A second type of complex noun consists of a verb followed by a suffix meaning one who does or thing which does. The English suffix -er (as in builder "one who builds'' or toaster "thing which toasts'') is a rough equivalent. In Klingon, the suffix is -wI'. It occurs, for example, in baHwI' gunner, which consists of the verb baH fire (a torpedo) plus -wI' one who does. Thus, baHwI' is literally "one who fires [a torpedo].'' Similarly, So'wI' cloaking device comes from the verb So' cloak plus -wI' thing which does. So'wI' is a "thing which cloaks.''

A noun formed by adding -wI' to a verb is a regular noun, so it may be used along with another noun to form a compound noun. For example, tIjwI'ghom boarding party comes from tIjwI' boarder plus ghom group; and tIjwI' comes from tIj board plus -wI'.

In reference to inanimate objects, this suffix means "thing which does" (joqwI' thing which flutters) or "thing which is used for" (nanwI' thing which is used to gouge). 

In reference to animate beings, this suffix means "one who does" (baHwI' one who fires) or "one who is" (pujwI' one who is weak).

Regarding -lu'wI' —

For poetry (and maybe other literary forms), this sort of thing may occur from time to time, but it's not considered "normal" grammar. This is because the meaning of -lu'wI' (from a Klingon point of view) is odd (but therefore occasionally appropriate for poetry and such).

Leaving -lu' aside for a while...

-wI' is defined as "one who is, one who does, thing which is, thing which does." In all cases, the subject of the verb (to which -wI' is attached) is the doer or the "be-er," the one who performs the action (if it's that kind of verb) or carries or exhibits the characteristic (if it's that other kind of verb). The noun formed by adding -wI' is equivalent to the subject of the verb to which -wI' is attached (as far as meaning goes — not getting into fine points of grammatical description).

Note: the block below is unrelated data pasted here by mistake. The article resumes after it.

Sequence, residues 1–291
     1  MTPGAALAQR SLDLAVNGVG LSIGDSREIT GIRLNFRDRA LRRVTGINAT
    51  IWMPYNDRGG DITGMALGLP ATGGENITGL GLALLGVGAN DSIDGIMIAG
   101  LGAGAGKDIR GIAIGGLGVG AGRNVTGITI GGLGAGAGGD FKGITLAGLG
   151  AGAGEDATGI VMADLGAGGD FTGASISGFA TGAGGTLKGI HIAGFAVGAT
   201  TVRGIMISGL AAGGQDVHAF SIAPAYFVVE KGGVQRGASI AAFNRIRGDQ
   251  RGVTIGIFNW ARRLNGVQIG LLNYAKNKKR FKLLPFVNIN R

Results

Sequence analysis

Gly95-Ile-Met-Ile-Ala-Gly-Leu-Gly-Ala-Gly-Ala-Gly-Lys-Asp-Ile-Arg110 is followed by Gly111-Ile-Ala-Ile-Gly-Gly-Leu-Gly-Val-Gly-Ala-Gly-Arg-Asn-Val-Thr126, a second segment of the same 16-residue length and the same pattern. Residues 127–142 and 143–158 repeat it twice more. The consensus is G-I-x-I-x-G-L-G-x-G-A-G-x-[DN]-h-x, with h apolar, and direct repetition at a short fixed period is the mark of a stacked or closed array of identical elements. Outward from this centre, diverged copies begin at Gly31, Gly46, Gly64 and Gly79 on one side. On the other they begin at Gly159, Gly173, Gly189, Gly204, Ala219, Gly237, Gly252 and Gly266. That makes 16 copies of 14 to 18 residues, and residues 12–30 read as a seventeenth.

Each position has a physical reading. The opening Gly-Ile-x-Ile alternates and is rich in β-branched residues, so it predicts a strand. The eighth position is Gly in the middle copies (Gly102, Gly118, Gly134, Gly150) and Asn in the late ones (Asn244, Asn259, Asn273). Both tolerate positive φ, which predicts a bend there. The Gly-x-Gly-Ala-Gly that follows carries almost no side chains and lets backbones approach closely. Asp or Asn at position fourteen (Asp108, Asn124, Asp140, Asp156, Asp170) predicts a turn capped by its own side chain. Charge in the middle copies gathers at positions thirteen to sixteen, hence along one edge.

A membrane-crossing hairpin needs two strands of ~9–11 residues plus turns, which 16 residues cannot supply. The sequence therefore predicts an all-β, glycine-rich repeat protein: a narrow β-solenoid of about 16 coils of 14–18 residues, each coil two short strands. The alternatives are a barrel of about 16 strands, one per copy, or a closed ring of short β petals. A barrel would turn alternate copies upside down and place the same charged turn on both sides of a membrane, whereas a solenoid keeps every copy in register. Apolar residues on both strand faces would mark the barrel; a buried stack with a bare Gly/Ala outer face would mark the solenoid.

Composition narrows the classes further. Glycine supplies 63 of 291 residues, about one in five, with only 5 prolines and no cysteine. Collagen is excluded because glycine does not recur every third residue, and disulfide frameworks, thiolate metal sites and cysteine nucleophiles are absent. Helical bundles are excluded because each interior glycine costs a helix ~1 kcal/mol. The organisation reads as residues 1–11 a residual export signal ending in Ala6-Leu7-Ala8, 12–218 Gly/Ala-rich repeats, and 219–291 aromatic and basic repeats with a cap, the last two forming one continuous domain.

yItwI' walker (the subject of yIt is the yItwI')

qIpwI' hitter (the subject of qIp is the qIpwI')

wochwI' tall one (the subject of woch is the wochwI')

When -lu' enters the picture, things change. The subject of a verb with -lu' is "unknown, indefinite, and/or general." Thus, qIplu' is "someone/something hits (someone or something)" or, conventionally but not really literally, "(someone/something) is hit."

So qIplu'wI' would mean something like "indefinite hitter" or "unknown hitter" or "essence of hitter" or some such (if it means anything at all).  It doesn't refer to the person (or thing) being hit because a -wI' noun is the perpetrator or instigator of an action (or carrier of a trait), not someone (or something) affected by an action.